Legal-Ease: FFA and Congressional charters

This is National FFA Week. Formerly known as the Future Farmers of America, FFA is a student agricultural organization that is considered an integral part of the curriculum for each student who studies agriculture in America. In Ohio, agriculture students in junior high, high school or up to a few years removed from high school are in FFA. Unlike 4-H, FFA is a required part of formal agriculture education programs in schools.

Other than my religion, no organization has had a bigger impact on my life than FFA. Immediately following my high school graduation, I was fortunate to serve as state president and thereafter national vice president of FFA. However, it is likely that my local experiences were as influential as my national ones.

FFA is one of only a few Congressionally chartered nonprofit organizations in the United States.

Congressional Charters of nonprofit organizations recognize those organizations’ legitimacy and value to American life. A Congressional charter does not provide the entity with any legal protection or government affiliation, but a Congressional charter does impliedly endorse the organization’s authenticity and value to society.

There are two legal requirements for Congressionally chartered nonprofit organizations. First, those organizations must provide Congress with annual reports on their financial activities. Second, those organizations must provide Congress with annual reports of their activities in general.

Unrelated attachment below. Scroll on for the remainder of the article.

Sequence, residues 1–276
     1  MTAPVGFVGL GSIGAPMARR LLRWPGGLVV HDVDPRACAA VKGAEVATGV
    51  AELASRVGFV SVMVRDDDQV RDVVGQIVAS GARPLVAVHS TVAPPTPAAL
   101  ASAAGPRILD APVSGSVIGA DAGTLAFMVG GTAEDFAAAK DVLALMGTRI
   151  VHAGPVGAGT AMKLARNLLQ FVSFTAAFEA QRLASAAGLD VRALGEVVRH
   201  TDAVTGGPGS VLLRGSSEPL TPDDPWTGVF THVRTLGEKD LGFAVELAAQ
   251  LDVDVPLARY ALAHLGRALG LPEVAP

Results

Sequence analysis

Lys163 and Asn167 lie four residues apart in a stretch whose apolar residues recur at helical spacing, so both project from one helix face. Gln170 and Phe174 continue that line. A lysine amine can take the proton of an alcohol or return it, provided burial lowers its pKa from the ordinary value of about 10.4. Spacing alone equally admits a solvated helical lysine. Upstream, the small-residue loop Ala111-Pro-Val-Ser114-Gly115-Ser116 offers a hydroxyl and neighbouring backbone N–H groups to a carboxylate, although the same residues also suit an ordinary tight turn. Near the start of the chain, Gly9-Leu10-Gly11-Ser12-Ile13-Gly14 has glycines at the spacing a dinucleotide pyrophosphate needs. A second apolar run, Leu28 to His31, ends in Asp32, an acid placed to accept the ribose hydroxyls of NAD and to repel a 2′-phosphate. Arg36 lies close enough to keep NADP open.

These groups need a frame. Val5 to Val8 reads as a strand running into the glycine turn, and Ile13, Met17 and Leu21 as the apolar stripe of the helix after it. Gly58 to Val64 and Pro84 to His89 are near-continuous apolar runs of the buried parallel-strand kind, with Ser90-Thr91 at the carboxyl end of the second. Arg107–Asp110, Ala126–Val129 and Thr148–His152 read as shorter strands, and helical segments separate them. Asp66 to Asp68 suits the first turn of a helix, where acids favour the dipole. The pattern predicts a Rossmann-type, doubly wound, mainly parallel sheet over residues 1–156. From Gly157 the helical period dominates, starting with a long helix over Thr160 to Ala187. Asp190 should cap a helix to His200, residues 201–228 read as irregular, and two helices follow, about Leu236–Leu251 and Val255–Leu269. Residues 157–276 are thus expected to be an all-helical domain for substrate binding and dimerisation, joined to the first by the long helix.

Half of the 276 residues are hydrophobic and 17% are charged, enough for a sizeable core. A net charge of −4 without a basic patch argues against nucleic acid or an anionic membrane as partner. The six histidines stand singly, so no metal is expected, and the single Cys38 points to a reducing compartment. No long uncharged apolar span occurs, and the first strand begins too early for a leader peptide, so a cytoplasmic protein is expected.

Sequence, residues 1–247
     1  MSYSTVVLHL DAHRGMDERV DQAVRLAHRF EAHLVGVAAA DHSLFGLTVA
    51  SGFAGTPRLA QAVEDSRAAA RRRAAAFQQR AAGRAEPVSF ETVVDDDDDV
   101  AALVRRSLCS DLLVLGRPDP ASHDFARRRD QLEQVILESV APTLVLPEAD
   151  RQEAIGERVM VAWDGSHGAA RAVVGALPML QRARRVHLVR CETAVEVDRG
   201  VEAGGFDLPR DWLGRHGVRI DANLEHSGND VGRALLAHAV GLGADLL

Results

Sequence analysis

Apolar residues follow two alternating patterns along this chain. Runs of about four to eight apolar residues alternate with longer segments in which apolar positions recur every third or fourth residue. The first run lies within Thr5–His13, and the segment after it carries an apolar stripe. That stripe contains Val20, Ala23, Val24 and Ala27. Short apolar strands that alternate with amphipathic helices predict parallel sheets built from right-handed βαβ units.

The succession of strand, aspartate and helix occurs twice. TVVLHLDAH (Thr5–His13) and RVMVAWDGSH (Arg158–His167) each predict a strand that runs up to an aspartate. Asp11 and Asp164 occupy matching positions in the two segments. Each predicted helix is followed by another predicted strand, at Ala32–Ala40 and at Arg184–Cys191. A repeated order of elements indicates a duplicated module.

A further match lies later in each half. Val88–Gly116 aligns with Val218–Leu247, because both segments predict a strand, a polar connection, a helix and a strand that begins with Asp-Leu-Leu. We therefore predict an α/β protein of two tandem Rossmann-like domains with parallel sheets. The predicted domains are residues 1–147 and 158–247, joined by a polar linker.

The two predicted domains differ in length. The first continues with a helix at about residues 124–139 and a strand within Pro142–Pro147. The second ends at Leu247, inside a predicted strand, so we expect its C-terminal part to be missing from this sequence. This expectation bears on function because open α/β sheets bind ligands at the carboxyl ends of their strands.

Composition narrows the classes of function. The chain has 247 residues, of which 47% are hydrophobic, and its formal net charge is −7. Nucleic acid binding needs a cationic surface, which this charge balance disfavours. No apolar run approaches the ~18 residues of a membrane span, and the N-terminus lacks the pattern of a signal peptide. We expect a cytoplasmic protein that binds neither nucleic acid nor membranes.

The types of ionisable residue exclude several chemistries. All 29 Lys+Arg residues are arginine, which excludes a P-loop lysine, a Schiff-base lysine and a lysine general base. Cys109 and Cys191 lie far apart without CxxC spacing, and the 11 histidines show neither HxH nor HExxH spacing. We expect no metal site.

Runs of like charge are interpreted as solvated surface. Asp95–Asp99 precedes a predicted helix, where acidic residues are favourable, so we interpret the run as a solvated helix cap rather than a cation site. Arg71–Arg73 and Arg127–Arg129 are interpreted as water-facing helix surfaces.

A Congressional charter of a nonprofit organization has never been revoked. In fact, there have been virtually no federal enforcement actions against Congressionally chartered nonprofits that fail to submit their required reports to Congress. However, the prospect of charter revocation has arisen a few times in the last several years, most notably concerning the Boy Scouts of America related to its actions regarding involvement of volunteers who are openly gay.

Because a Congressional charter has no real, practical implications, since 1989, Congress has issued a moratorium on new Congressional charters for nonprofit organizations. However, like many actions of Congress, that moratorium has been overruled in recent years as a few nonprofit organizations have secured new charters.

Congressionally chartered youth organizations other than FFA and the Boy Scouts include the Girl Scouts of the United States of America and Boys and Girls Clubs of America.

FFA’s Congressional charter likely neither helps nor hurts FFA in its role in providing a laboratory for agriculture students across America to gain leadership and positive interpersonal skills. In fact, community leadership does not require membership in a formal organization much less a Congressionally chartered organization.

With that being said, I often think that the second-last paragraph of the FFA Creed may be a positive thought to which all of us could aspire in our daily lives:

“I believe in less dependence on begging and more power in bargaining; in the life abundant and enough honest wealth to help make it so — for others as well as myself; in less need for charity and more of it when needed; in being happy myself and playing square with those whose happiness depends upon me.”

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Lee R. Schroeder R. Schroeder

By Lee R. Schroeder

Guest Columnist

Lee R. Schroeder is an Ohio licensed attorney at Schroeder Law LLC in Putnam County. He limits his practice to business, real estate, estate planning and agriculture issues in northwest Ohio. He can be reached at [email protected] or at 419-659-2058. This article is not intended to serve as legal advice, and specific advice should be sought from the licensed attorney of your choice based upon the specific facts and circumstances that you face.